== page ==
Besides being highly portable, they get you up in your stand fast. They come with a Versa-Button strap attachment that lets you set them up or remove them right or left handed. The steps also pivot to either side, so climbing is a breeze.

The sticks attach with a swiveling V-Bracket which is really nice because you can use them on nearly any tree. Plus, the single-tube construction lets you fit it between branches.

If you need them bigger, you can get the 32-inch extension. Altogether, these sticks are a great option for the highly mobile bowhunter.

Check the price on Cabelas

What we liked:
  • Lightweight
  • Stack together
  • Versa-Button strap attachment
  • Swiveling V-Bracket
  • Single-tube construction
Downsides:
  • None!

Check the price on Cabelas

Greg Fleming shows you how he climbs with his Lone Wolf climbing sticks

Primal Fast Stick

It’s hardly easier to climb up into a tree using a ladder. In the end that’s basically what the Fast Sticks are.

The design is tough steel in a three-section design. This gives you a lot of different footings and enough versatility to scale trees of all sorts of different shapes and angles. The downside of this design, though, is the heavy weight. Each stick is five pounds, which adds up to 15 pounds total. First consider how far you’re going to have to carry them.

You can set these up fast thanks to quick-connect cinch-down straps. They also make your climb nice and secure. The sticks are rated for 300 lbs.

Last but not least, they’re a quality product that comes at a great price. Sturdy climbing sticks like these can be a good bet for bowhunters new to stand hunting.

Check the price on Cabelas

What we liked:
  • Strong steel construction
  • Three-section design
  • Versatile use
  • Quick-connect cinch-down straps
  • Secure and stable
  • Low price range
Downsides:
  • Heavy

Check the price on Cabelas

Millennium M210 Stick Ladder

If climbing sticks make you a little nervous, and you’re looking for something a bit sturdier, you might opt for this stick ladder. Instead of several separate climbing sticks, it’s one long one that you can use  like a ladder.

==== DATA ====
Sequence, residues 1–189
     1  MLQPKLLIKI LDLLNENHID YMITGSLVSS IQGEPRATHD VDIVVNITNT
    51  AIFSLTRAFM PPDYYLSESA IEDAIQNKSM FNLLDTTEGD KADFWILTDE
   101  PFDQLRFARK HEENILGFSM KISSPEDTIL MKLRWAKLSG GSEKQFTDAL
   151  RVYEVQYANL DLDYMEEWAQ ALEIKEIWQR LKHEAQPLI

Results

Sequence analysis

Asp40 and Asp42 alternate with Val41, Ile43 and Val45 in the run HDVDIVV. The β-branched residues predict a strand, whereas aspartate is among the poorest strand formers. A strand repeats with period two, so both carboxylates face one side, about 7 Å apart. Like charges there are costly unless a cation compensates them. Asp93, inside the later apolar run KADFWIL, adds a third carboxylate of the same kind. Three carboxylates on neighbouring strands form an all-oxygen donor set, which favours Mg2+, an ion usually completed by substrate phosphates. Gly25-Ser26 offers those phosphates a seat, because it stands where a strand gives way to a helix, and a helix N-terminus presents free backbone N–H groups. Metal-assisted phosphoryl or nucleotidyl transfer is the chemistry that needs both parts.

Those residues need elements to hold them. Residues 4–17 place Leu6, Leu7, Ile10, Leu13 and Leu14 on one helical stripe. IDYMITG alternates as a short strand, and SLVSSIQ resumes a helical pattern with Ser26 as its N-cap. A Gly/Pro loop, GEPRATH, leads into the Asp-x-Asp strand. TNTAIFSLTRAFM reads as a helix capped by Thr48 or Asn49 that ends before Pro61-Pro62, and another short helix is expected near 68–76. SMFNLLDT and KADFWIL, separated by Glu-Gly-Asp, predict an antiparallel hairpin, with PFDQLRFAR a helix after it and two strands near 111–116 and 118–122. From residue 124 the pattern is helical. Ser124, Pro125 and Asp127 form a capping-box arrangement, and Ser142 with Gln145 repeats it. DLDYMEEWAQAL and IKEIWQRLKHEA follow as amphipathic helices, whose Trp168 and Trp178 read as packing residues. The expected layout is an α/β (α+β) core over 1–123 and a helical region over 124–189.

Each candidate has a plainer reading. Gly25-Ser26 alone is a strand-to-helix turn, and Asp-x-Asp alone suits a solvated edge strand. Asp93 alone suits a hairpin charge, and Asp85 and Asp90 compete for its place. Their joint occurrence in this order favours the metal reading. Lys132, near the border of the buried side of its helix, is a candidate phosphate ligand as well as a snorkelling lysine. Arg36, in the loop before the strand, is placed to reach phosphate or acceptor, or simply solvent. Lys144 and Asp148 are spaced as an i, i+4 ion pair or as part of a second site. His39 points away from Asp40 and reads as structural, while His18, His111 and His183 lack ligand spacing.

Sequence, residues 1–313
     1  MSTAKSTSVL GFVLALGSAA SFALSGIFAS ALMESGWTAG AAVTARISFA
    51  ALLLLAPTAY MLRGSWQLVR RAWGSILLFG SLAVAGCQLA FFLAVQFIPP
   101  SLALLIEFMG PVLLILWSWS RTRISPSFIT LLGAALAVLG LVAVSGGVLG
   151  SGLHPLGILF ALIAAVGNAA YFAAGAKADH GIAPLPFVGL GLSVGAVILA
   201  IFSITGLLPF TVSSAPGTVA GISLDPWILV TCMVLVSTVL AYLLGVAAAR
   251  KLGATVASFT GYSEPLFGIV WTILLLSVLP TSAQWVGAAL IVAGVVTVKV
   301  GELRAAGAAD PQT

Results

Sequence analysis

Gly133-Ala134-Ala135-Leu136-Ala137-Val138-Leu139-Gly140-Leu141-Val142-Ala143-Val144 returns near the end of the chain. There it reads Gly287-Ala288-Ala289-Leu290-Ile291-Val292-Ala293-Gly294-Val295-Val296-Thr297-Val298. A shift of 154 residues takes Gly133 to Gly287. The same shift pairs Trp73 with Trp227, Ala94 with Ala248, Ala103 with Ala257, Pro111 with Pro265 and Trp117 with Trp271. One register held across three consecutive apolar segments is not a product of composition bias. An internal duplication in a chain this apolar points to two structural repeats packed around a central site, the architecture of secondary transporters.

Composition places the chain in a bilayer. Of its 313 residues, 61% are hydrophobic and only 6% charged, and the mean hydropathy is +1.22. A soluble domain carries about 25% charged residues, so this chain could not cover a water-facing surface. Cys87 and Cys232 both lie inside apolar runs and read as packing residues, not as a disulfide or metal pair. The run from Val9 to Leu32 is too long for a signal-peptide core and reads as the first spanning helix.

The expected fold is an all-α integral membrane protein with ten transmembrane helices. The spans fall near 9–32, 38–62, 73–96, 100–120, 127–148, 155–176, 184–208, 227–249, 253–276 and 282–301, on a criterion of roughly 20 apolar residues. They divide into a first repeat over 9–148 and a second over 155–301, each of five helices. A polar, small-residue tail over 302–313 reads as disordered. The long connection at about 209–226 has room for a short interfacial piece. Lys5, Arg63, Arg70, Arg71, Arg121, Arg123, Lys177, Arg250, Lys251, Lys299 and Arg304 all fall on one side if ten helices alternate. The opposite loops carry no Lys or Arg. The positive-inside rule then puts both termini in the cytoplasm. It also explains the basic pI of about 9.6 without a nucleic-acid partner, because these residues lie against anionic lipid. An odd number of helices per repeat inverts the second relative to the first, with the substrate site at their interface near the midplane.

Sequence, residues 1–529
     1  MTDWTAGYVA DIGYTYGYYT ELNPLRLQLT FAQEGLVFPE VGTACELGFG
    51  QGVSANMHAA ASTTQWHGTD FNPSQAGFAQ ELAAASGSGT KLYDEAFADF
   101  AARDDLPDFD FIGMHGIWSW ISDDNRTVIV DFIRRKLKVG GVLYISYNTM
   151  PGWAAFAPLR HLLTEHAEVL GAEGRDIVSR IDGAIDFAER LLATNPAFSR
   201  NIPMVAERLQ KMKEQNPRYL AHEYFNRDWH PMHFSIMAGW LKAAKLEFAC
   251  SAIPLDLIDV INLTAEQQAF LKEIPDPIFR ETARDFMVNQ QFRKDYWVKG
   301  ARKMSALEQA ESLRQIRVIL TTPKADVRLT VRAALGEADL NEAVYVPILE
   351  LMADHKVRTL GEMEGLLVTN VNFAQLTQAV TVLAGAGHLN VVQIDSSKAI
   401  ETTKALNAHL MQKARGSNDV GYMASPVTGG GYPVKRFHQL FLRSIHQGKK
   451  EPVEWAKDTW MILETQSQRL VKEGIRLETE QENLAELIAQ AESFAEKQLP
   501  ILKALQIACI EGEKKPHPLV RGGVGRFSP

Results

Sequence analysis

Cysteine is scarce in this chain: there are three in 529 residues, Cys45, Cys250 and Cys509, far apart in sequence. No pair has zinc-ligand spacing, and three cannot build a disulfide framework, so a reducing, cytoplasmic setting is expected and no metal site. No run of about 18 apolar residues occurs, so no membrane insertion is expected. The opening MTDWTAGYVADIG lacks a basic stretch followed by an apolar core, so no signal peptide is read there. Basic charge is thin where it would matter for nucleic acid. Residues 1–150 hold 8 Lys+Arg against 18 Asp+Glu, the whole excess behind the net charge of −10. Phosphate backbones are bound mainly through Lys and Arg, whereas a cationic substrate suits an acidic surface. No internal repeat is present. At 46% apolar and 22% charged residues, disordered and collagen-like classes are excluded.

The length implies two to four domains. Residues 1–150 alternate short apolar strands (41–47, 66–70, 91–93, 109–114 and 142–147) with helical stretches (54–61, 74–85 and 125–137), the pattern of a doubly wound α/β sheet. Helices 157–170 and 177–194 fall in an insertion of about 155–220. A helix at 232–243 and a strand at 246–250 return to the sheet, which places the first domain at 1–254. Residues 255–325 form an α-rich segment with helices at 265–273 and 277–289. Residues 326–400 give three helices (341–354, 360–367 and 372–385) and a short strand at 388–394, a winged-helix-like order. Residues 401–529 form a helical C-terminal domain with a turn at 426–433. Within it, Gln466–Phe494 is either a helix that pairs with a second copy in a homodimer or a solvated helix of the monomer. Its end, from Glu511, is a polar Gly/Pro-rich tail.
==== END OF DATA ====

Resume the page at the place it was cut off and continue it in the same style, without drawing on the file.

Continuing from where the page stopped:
If you do go for this option, know that it’s on the heavier side at 17 lbs. But with this weight you get 20 ft of height, plenty for almost any stand hunter. It’s also made of strong steel that adds to the security.

Besides the construction, Millennium added some other safety features. There’s a dual top step that makes climbing even more stable. It also has built-in standoffs, so you have more room for your feet as you’re stepping.

We recommend it for anyone with heavy boots or a lot of gear in general who needs solid full-footed steps when they’re climbing.

Finally, this stick ladder has a huge seven-foot cam-buckle strap. This gives it a lot of versatility because you can attach it to even larger trees. It meets industry standards and is rated to hold 300 lbs.

Check the price on Cabelas

What we liked:
  • Twenty feet tall
  • Sturdy steel construction
  • Dual top step
  • Built-in standoffs
  • Seven-foot cam-buckle strap
Downsides:
  • Heavy

Check the price on Cabelas

Hurricane Safety Systems Gravity Forward

These climbing sticks’ claim to fame is their innovative gravity-forward design. Once set up, they angle inward toward the tree. This shifts your center of gravity forward and has several great benefits.

For one thing, it’s extra safe. Leaning forward, you’re a lot more balanced and less likely to fall. The stick ladder itself is more stable, too, since you’re pressing it into the tree rather than pulling away from it with your own weight.

It’s also just way easier. An angled climb lets you use your legs and arms more effectively to lift your bodyweight. This way you get less fatigued. This means more focus and less sweat to give off scent that could spook game.

These sticks come in an all-steel construction that is really heavy but super stable as well. The steps are wave cut and double spaced, so you have a more secure footing. It could be a good fit for private-land hunters who want something strong but mobile they can put under their stands.

It’s available in both 16 and 21 ft.

Check the price on Cabelas

What we liked:
  • Gravity-forward design
  • Balanced positioning
  • Easy to climb
  • All-steel construction
  • Wave-cut, double-spaced steps
  • Two heights available
Downsides:
  • Very heavy
  • Higher price range

Check the price on Cabelas